Czechs expel Russian envoys, alleging Kremlin role in deadly 2014 blast
The accusations have threatened relations between the two countries.
PRAGUE — The Czech government is expelling 18 Russian diplomats after concluding Moscow’s military intelligence service was involved in a massive 2014 explosion at an ammunition warehouse that killed two people.
The dramatic accusations have almost instantly threatened to destabilize the relationship between Russia and the Czech Republic, which broke away from the Soviet Union in 1989.
Czech Prime Minister Andrej Babiš late Saturday said the government had “clear evidence” that officers from “unit 29155 of the Russian military intelligence service GRU” had been involved in blowing up the ammunition depots at the Vrbětice complex.
The 18 expelled Russian embassy personnel had been identified by Czech intelligence as members of Russia’s GRU and SVR intelligence services.
“The Czech Republic is a sovereign state and must respond accordingly to these unprecedented findings,” Babiš said. He added that the country’s president, Miloš Zeman, who is close to the Kremlin, had been informed of the situation and had expressed his “absolute support.”
At the same time, Czech police announced they were searching for two Russian men in connection with the explosion, claiming the duo had used passports with the same names as the passports used by suspects in the attempted 2018 poisoning in Britain of former Russian military intelligence officer Sergei Skripal.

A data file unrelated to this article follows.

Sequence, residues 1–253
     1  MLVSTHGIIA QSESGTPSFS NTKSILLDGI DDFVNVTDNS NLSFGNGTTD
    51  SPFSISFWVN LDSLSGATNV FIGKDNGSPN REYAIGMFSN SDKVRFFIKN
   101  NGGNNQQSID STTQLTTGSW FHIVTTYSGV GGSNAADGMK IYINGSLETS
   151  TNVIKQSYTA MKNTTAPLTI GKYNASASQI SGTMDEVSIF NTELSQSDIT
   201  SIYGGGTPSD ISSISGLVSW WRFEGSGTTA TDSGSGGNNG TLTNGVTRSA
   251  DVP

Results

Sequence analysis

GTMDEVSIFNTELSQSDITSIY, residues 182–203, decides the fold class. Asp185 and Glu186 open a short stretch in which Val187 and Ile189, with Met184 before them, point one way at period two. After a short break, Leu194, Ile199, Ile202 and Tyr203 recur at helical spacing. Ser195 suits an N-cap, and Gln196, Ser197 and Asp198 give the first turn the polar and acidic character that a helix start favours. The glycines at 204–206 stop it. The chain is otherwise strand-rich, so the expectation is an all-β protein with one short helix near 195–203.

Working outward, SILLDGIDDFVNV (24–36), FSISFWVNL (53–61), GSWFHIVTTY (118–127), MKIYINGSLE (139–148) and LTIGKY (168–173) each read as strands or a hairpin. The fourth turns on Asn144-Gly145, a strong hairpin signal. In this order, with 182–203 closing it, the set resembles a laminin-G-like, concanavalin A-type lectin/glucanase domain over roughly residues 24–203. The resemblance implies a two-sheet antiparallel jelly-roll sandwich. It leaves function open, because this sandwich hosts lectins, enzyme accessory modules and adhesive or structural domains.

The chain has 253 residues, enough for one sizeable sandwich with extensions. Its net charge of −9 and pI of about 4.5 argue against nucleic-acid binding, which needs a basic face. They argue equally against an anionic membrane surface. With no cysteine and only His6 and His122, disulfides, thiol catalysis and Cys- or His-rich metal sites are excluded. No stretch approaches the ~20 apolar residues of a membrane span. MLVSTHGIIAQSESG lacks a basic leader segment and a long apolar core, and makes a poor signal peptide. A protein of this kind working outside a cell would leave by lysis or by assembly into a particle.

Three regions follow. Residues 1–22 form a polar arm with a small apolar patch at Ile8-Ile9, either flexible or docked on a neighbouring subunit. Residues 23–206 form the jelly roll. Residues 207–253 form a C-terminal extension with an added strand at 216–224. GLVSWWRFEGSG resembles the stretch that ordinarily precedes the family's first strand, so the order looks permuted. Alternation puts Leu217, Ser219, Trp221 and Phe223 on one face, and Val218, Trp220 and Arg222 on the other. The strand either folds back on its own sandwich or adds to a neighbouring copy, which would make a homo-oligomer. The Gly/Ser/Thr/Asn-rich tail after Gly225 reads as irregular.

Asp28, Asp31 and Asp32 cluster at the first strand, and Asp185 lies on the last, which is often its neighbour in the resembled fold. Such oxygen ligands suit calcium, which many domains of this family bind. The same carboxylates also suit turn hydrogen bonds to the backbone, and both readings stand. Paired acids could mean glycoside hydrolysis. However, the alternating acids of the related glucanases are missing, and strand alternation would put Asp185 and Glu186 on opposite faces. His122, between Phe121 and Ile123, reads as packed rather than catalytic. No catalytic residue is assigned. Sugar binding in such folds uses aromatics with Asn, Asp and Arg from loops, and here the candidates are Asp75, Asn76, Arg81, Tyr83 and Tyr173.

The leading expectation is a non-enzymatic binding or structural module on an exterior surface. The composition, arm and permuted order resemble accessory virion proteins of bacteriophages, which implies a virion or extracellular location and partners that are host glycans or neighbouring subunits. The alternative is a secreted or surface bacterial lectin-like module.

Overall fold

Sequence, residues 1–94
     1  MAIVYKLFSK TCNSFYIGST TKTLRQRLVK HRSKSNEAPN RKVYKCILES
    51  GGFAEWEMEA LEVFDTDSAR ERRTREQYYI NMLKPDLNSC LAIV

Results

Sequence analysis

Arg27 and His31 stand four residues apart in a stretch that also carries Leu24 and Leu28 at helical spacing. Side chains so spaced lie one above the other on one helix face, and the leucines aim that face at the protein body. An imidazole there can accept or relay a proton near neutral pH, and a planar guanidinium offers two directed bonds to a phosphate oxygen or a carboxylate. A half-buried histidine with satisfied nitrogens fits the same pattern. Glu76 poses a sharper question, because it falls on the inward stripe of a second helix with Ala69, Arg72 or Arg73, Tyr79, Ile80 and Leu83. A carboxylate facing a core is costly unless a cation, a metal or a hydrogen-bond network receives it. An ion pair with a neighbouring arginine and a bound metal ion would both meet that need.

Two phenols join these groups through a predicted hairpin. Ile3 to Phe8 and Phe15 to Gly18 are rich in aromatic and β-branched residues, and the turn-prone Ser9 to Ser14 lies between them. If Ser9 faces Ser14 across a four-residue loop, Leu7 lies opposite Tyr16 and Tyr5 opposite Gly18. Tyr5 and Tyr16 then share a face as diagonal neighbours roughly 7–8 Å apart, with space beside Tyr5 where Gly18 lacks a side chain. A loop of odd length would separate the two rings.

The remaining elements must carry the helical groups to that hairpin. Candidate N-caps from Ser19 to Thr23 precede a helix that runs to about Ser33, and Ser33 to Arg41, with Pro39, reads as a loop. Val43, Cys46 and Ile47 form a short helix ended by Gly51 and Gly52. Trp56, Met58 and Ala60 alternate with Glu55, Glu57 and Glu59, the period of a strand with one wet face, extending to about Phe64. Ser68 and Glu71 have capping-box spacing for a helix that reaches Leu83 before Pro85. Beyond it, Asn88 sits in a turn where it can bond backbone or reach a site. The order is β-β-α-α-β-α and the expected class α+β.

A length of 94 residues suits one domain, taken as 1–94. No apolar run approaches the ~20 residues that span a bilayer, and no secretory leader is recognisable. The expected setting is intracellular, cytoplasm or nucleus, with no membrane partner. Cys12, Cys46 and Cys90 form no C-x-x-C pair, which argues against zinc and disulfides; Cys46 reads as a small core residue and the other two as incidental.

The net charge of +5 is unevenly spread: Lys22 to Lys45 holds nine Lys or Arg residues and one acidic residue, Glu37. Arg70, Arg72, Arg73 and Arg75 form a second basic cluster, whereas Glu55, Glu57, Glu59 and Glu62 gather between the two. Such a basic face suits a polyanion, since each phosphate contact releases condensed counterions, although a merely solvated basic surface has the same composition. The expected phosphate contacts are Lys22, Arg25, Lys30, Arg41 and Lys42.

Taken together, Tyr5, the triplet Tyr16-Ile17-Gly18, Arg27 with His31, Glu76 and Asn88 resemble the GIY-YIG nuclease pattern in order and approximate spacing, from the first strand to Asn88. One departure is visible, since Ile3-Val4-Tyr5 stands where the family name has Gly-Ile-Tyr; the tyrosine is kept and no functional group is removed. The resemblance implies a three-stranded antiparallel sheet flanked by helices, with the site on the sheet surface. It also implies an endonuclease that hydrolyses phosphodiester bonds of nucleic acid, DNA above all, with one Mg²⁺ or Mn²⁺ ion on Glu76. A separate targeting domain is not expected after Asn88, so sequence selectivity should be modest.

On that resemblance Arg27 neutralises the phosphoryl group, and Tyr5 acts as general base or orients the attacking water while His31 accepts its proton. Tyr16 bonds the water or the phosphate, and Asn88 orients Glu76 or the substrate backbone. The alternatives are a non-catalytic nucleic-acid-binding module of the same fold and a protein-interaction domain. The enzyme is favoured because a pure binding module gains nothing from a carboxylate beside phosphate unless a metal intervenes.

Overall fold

The Czech weekly Respekt reported the two Russian agents, named as Anatoly Chepig and Alexander Mishkin, were in the Czech Republic and probably on the site of the ammunition depot in October 2014 when the deadly blast took place.
According to Czech police, the two men used two Russian passports as well as a Moldovan and Tajikistan passport while in the Czech Republic.
Babiš said he had spoken about the case with the European Council President Charles Michel and would inform EU partners in detail at the next formal leaders’ summit, scheduled for late June.
Czech Interior Minister Jan Hamáček, who is also interim foreign minister, said on Twitter Sunday that he had instructed the country’s EU and NATO ambassadors to inform allies, adding that he would discuss the case on Monday at a meeting of the EU’s foreign ministers.
The expulsion of the Russian diplomats comes just days after Poland said it had kicked out three Russian diplomats for “activities detrimental” to the country, and the U.S. expelled 10 Russian diplomats over the Kremlin’s alleged election interference and hacking of federal agencies.
The crisis has already had a wider impact of Czech-Russian relations. Hamáček said he had cancelled a trip to Moscow to negotiate the purchase of the Sputnik V coronavirus vaccine for use once the European Medicines Agency has signed off.
In addition, Industry and Trade Minister Karel Havlíček told Radiožurnál that the case could disqualify the Russian energy company Rosatom from bidding on a contract to build a new unit for the Doukovany nuclear power plant — the largest government contract in Czech history at €7.67 billion.
“Any such act, if finally confirmed, must have clear consequences,” he said.
Information from the security services, he added, “will certainly be the basis for deciding who will be invited to the tender.”